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  8. Steve Verdon says:

    Just to demonstrate my point regarding the deficit of Social Security, here is an excerpt from the 2007 Trustees report,

    Over the full 75-year projection period the actuarial deficit estimated for the combined trust funds is 1.95 percent of taxable payroll-somewhat smaller than the 2.02 percent deficit projected in last year’s report. This deficit indicates that financial adequacy of the program for the next 75 years could be restored if increases were made equivalent to increasing the Social Security payroll tax immediately and permanently from its current level of 12.4 percent (for employees and employers combined) to 14.35 percent. Alternatively, changes could be made equivalent to reducing all current and future benefits by about 13 percent. Other ways of reducing the deficit include making transfers from general revenues or adopting some combination of approaches.

    Again, by itself the funding shortfall for Social Security is not horrible. It probably could be managed. But the idea that it is not in actuarial imbalance is simply not true at all.

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  9. Steve Verdon says:

    Sure Steve, I can read. You say, in short “Medicare is a mess, we must get rid of it and Social Security”. It’s the same type of misleading and dishonest horse hockey that your side of the debate has been pitching for 15 years. The only problem is it’s completely false. Social Security is in excellent shape and its solvency is practically assured for nearly the rest of this century. Do you ever get tired of lying through your teeth?

    I’m sorry you are the one who is lying.

    1. There is currently a deficit for Social Security.
    2. I’ve already noted that by itself that Social Security is something that could probably be managed.
    3. I haven’t said we need to get rid of Medicare and Social Security, but now that we have come to it I think that gradually phasing out the former and changing the latter is a damn good idea.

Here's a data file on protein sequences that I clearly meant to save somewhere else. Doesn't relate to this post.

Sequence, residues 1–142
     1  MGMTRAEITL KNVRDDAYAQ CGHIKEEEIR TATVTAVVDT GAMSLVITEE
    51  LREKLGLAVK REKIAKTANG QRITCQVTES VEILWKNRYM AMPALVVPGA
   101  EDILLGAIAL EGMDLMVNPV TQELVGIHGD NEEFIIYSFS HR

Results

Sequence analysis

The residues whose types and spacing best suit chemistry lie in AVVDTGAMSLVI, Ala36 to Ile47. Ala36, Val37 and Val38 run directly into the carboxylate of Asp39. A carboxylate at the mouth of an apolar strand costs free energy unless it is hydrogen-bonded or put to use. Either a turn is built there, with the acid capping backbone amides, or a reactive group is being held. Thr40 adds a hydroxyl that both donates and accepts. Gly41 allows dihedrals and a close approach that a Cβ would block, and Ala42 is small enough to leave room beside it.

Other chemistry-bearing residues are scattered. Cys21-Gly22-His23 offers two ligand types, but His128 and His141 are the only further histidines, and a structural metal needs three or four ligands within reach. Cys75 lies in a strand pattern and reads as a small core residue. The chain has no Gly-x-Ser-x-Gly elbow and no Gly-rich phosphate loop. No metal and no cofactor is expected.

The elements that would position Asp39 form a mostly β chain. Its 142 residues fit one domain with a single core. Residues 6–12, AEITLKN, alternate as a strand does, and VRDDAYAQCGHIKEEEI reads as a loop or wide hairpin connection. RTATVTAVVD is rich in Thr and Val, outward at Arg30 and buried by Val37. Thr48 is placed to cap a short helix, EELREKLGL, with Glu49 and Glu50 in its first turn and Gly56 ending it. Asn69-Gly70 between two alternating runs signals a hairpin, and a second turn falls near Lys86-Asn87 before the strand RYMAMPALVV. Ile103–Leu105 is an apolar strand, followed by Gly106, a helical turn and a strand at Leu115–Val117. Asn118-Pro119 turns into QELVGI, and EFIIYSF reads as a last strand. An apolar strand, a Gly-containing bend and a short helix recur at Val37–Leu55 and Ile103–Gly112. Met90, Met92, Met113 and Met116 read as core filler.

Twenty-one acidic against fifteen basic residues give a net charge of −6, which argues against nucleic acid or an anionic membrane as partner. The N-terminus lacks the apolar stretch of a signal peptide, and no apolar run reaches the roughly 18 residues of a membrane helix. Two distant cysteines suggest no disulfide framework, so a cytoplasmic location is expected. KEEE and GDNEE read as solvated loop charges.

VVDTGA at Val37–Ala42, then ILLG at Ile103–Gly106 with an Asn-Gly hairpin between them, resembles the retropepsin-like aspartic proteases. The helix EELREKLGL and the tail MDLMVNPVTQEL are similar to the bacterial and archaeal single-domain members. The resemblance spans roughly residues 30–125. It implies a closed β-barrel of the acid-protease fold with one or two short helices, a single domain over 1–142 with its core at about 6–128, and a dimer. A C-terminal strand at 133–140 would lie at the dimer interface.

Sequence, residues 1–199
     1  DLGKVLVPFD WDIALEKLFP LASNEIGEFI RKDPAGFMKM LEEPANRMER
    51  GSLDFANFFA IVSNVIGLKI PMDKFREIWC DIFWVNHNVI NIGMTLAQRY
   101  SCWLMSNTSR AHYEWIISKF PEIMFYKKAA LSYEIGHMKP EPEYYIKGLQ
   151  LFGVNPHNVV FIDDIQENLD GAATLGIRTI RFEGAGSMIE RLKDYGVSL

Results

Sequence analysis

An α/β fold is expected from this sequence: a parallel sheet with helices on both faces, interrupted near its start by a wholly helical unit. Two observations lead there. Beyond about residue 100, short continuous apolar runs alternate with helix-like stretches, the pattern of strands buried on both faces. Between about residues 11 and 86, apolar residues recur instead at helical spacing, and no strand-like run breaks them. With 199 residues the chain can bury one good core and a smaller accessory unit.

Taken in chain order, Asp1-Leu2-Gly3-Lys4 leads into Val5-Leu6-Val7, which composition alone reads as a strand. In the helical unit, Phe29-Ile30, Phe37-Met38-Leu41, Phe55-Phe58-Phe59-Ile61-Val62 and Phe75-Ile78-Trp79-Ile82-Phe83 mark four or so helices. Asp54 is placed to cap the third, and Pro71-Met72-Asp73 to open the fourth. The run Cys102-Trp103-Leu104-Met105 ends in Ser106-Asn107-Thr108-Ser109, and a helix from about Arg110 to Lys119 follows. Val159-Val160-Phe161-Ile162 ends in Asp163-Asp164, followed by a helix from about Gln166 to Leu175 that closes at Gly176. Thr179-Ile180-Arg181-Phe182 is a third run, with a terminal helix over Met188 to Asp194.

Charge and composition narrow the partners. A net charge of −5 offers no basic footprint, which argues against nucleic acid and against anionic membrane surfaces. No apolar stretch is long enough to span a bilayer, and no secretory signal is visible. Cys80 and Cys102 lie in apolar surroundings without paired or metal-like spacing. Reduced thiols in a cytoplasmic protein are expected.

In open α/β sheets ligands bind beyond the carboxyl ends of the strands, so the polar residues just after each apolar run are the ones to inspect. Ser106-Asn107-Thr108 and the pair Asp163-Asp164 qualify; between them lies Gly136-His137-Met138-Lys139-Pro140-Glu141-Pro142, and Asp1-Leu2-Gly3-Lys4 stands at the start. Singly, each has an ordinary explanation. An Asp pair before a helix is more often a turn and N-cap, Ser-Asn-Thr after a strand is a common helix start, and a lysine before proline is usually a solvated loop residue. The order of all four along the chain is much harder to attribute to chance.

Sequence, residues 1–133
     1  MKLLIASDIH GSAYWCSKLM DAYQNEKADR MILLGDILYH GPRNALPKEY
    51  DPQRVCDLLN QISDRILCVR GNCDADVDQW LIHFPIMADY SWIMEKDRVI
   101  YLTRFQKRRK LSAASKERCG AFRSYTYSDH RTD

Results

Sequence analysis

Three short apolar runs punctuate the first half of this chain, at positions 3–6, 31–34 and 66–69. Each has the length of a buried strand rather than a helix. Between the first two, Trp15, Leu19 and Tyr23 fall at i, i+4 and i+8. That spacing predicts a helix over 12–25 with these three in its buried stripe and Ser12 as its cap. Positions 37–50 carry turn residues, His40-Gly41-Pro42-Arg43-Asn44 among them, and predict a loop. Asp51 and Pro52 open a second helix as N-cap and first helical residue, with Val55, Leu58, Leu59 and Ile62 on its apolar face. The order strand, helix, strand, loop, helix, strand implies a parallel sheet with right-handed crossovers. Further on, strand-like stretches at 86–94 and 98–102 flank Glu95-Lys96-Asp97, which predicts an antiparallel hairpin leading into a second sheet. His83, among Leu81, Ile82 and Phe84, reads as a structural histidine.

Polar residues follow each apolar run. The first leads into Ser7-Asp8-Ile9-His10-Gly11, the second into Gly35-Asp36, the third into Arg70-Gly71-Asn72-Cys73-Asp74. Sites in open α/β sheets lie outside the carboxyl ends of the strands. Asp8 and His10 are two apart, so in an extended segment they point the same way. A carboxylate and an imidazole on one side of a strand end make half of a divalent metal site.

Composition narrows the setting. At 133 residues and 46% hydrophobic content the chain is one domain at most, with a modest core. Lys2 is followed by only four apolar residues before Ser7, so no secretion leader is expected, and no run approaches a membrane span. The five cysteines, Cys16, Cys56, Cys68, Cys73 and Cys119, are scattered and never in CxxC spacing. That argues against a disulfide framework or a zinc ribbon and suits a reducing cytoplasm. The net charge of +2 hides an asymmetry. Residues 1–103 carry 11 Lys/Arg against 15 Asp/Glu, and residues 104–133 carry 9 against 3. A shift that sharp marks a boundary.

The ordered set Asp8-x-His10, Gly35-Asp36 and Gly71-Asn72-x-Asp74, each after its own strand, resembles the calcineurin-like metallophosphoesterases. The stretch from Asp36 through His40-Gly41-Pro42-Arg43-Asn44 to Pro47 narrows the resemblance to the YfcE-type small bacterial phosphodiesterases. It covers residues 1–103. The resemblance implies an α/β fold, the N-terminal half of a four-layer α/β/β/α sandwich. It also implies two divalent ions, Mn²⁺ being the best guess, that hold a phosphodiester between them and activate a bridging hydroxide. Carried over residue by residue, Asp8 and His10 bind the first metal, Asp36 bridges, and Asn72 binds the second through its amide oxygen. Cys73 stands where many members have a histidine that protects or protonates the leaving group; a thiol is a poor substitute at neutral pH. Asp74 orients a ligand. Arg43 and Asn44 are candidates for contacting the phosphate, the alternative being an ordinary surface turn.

So, now we see who the real liar is. It is you Jeffery.

    So kindly, STFD and STFU before you really hurt yourself.

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  10. Steve Plunk says:

    Until someone can provide a better explanation I still see this not as a market failure but a government failure. It can all be traced back to Fannie and Freddie, two government created, government controlled entities. The policies of pushing homeownership beyond reasonable expectations contributed to the home price bubble and the volume of sub prime loans. Both are now biting us all in the behind.

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  11. Bithead says:

    Plunk said it.

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  12. anin-san says:

    Interesting to note that McCain’s campaign chairman was a lobbyist for Fanny and Freddy promoting minority home ownership…

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  13. Yeah and James Johnson ran Fannie Mae, so what’s your next useless fact anjin-san?

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  14. anjin-san says:

    Just a counterpoint to the endless whining and schreeching from the right that “it’s all the Democrats fault”…

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  15. Brett says:

    1. There is currently a deficit for Social Security.

    Perhaps you should actually reference some valid sources before throwing around a comment like that. According to the Congressional Budget Office, Social Security is currently running a surplus, with revenues exceeding outlays. That’ll change after about 2020, but to say that there is a deficit now is disingenuous.

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  16. Rick DeMent says:

    not to mention the loss of revenue to the GF if payroll tax were eliminated, unless of course you are thinking about eliminating the programs but keeping the payroll tax.

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  17. Bithead says:

    Interesting to note that McCain’s campaign chairman was a lobbyist for Fanny and Freddy promoting minority home ownership…

    Just a counterpoint to the endless whining and schreeching from the right that “it’s all the Democrats fault”…

    Just so you know, Anjin, there’s a difference between promotion of minority home ownership, and promotion of re-writing lending rules to accomplish that goal. Unless that is, you’re going to aver that minorities are always and forever, deadbeats. In which case, I can’t help you.